In 1973, Arthur Boyd painted Figure in a cave with a smoking book – a naked white man and a muzzled dog watching the haze rise from the page and dissipate into the air. The same year, Patrick White won the Nobel Prize for literature on the strength of novels preoccupied with the possibilities of belief, yet unsatisfied with Christian theology. It was a year of grappling with the unsettled beliefs of settler Australians, of grasping after the sacred.
This talk explores what painters and writers have made of the bible, from the maturation of Australian art and literature in White and Boyd’s generation through to Helen Garner, Christos Tsoilkas and painter Adam Lee. What have they had to say about the bible and its role in their creative processes? What does their work suggest about western crises of faith and the horizons of belief in contemporary Australia?
Saturday 8 April at 7:30 pm. All welcome! Let us know you are going on the Facebook Event.
About the speaker: Dr Meredith Lake is an historian of Christianity in Australian society and culture. She has a PhD from Sydney University, where she has also lectured in Australian history. Her publications include a major study of faith-based social welfare Faith in Action: HammondCare (UNSW Press, 2013), a student guide to The Bible Down Under (Bible Society, 2016), and several academic articles including a prize-winning contribution to the Journal of Religious History. She is currently a Senior Research Fellow at Anglican Deaconess Ministries, completing a book about the bible’s reception and influence in Australia – from convicts to artists to indigenous activists – to be published in late 2017. She tweets at @meredithlake1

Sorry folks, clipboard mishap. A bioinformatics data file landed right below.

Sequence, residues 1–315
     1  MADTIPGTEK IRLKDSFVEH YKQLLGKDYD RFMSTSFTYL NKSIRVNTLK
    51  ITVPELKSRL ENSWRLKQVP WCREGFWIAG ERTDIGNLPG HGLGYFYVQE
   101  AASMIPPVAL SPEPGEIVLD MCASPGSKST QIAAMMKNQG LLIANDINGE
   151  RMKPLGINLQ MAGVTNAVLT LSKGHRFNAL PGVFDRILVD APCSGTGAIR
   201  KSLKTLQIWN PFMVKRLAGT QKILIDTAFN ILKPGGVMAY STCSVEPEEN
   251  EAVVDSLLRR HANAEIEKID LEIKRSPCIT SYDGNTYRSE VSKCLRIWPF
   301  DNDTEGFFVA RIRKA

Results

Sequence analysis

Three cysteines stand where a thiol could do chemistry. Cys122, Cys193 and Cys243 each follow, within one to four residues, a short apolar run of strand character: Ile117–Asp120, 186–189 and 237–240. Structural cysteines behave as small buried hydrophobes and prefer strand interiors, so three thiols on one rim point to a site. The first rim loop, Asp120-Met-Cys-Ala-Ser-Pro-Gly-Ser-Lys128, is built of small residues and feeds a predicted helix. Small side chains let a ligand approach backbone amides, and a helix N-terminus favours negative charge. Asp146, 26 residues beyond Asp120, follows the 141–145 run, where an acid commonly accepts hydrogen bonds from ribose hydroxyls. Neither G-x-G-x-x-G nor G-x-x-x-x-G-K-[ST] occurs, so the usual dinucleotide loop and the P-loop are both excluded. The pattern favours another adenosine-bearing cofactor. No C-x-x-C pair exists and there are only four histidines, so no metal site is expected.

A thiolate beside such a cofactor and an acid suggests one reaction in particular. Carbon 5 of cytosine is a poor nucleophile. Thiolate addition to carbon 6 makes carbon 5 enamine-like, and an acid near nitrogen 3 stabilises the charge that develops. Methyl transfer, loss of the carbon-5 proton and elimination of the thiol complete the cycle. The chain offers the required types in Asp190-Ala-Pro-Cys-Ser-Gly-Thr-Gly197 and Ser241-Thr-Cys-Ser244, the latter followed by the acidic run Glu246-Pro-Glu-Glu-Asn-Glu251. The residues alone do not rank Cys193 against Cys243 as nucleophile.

About PEACE: PEACEtalks is a monthly event hosted by Paddington Anglican Church aimed at serving the community by promoting and cultivating deep conversations about life, the world and everything. ‘PEACE’ stands for ‘political, ethical, artistic & cultural engagement’. As such, our events seek to take all of these areas of our shared humanity seriously in a world where such things are often marginalized. We also seek to demonstrate the ways in which spiritual and theological reflection enable us to look at all of these important areas afresh.